By Patricia Meisol and Patricia Meisol,SUN STAFF | April 22, 2003
WASHINGTON - Della Almind had no reservation about hugging the Easter Bunny on the South Lawn of the White House yesterday. The 6-year-old ran up to the bespectacled, straight-eared creature, put her arms around his middle and pushed her head into his tummy. The bunny was soft, very soft, she said with a giggle. The pigtailed girl in a pink dress couldn't have imagined being at the White House before her family moved to Washington from Spokane so her dad, John, an Air Force pilot, could help with war planning at the Pentagon.
NEWS
May 6, 2002
WASHINGTON -- Cal Ripken returned to an old ritual yesterday, taking the field on a sun-drenched Sunday afternoon that was made for baseball. But things are not exactly what they used to be. Ripken was sporting a white polo shirt and slacks. He took some practice swings -- off a stationary tee. And this was not Camden Yards, but the South Lawn of the White House. The former Orioles star was attending his first game since being appointed commissioner of White House T-ball. Ripken's new post entails presiding over occasional games between first- and second-graders in the president's back yard.
NEWS
By David L. Greene and David L. Greene,SUN NATIONAL STAFF | May 7, 2001
WASHINGTON -- The Memphis Red Sox, a T-ball team composed mostly of first- and second-graders, were to take the field on the South Lawn of the White House. President Bush would be watching each play and every at-bat. But the message from the Washington team's manager, Quintin Thomas Sr., to his 17 pint-sized players was to focus on fundamentals -- throwing, catching and keeping eyes on the ball until making contact. "I tried to keep it that way," Thomas said, "so the kids didn't get caught up in what a big deal this was."
NEWS
By David L. Greene and David L. Greene,SUN NATIONAL STAFF | March 31, 2001
WASHINGTON - For a moment yesterday, the mystique of the presidency seemed to drop away, and the man who occupies the White House looked like nothing so much as an awe-struck baseball fan. Standing behind a lectern, George W. Bush watched a boyhood fantasy spring to life. Any fan could have dreamed up the image: Holding court in a room, surrounded by dozens of Hall of Fame players who had trekked from across the country just to visit you. Presidential perks being what they are, that's precisely what happened to Bush, as he played host to 46 baseball superstars who helped him celebrate the opening of a new season.
NEWS
By Susan Baer and Susan Baer,SUN NATIONAL STAFF | December 20, 1998
WASHINGTON -- Hours after being relegated to an infamous place in history as the second U.S. president to be impeached, William Jefferson Clinton, who once dreamed of a sterling presidential legacy, vowed to remain in office "until the last hour of the last day of my term."Speaking on the South Lawn of the White House as twilight fell -- backed by much of the Democratic membership of the House and with his wife, Hillary Rodham Clinton, by his side -- Clinton denounced the "politics of personal destruction" and insisted he would fight to hold onto his job."
NEWS
By Carl M. Cannon and Carl M. Cannon,SUN NATIONAL STAFF | November 7, 1996
WASHINGTON -- Secretary of State Warren Christopher resigned yesterday, the first departure in what is expected to be an exodus of top Cabinet officers and White House aides as President Clinton moves to shake up his administration for a second term.Joining Christopher in the first wave of leave-takings, White House officials said, will be Defense Secretary William J. Perry, .. Commerce Secretary Mickey Kantor and Energy Secretary Hazel O'Leary, as well as some highly visible White House aides, including chief of staff Leon E. Panetta and senior adviser George Stephanopoulos.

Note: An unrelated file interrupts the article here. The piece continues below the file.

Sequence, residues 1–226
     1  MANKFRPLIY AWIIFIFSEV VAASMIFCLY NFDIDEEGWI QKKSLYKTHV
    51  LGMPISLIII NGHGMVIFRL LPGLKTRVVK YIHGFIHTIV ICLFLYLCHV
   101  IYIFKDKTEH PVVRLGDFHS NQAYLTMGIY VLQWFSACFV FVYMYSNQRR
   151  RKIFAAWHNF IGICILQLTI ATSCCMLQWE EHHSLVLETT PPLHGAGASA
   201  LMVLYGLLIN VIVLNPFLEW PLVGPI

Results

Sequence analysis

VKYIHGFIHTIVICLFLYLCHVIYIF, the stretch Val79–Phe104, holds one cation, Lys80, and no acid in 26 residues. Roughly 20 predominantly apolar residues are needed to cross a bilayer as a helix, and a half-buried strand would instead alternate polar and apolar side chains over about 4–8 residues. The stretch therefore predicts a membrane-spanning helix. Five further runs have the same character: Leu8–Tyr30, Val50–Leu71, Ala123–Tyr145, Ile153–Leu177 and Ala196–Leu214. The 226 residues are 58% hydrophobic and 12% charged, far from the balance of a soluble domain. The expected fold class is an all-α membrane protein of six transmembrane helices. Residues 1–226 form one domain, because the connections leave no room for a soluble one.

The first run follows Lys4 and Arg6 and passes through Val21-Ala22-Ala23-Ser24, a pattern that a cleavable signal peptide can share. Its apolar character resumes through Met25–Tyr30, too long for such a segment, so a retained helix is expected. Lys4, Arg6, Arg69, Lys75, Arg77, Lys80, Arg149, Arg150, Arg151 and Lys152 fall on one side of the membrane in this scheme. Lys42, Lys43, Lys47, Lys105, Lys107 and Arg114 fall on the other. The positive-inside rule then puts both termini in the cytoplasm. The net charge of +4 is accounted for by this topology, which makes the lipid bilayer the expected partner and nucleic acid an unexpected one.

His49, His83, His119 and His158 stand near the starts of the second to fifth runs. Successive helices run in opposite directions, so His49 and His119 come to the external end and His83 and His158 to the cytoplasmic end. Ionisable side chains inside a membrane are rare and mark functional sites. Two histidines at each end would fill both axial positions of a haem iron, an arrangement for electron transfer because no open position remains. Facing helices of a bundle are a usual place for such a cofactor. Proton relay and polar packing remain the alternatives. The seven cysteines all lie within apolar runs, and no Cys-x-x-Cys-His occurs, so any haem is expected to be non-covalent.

NEWS
By ELLEN GOODMAN | September 15, 1994
Boston -- What's wrong with this picture?It's not a bird, it's not Superman on the south lawn of the White house. It's a plane. It's a two-seat Cessna 150 that winged down 17th Street unnoticed, hung a U, headed across the lawn, stripped some bark off a 150-year-old magnolia tree, and crashed two stories below the presidential bedroom.What's wrong with this picture?There on television, John Corder, the brother of Frank Corder who pulled this suicidal stunt -- it's hard to know whether the suicide or the stunt was first on his mind -- tells a reporter that Frank had always wanted to go out ''on top.'' And, the brother adds matter-of-factly, without horror or shame, ''he did.''What's wrong with this picture?
NEWS
By Carl M. Cannon and Carl M. Cannon,Washington Bureau of The Sun | May 22, 1995
WASHINGTON -- The first reaction to the closing of Pennsylvania Avenue this weekend among the bureaucrats, politicians, tourists, journalists and locals who coexist here was the disquieting sense that things might never be the same.For those who work here, closing the street in front of the White House will mean worse rush-hour gridlock. For those who visit, the relaxed days when Aunt Maude could stop her car right in front of the presidential mansion and snap a picture are gone, too.But the two-block closing also symbolizes profound changes in American life, changes that do not seem for the better.
NEWS
June 21, 1995
A Glen Burnie teen-ager will be one of 140 high school graduates honored today at a White House ceremony for their work at school and in the community.Meredith M. Reffner, 17, an Old Mill High School graduate, has been chosen a Presidential Scholar of the Arts and will receive a medallion from President Clinton and first lady Hillary Rodham Clinton.The Presidential Scholars Program, established in 1964, selects students based on their academic and artistic success, leadership and school and community involvement.
NEWS
By New York Times News Service | May 24, 1995
WASHINGTON -- An armed intruder jumped a fence onto the South Lawn of the White House late last night and was shot and wounded by a uniformed Secret Service agent. The bullet passed through the man's arm and wounded a second agent. Both men were reported in stable condition in the hospital early this morning.President Clinton was meeting with his chief of staff, Leon E. Panetta, in the White House residence at the time of the shooting, about 10:45 p.m., and was never in any danger, officials said.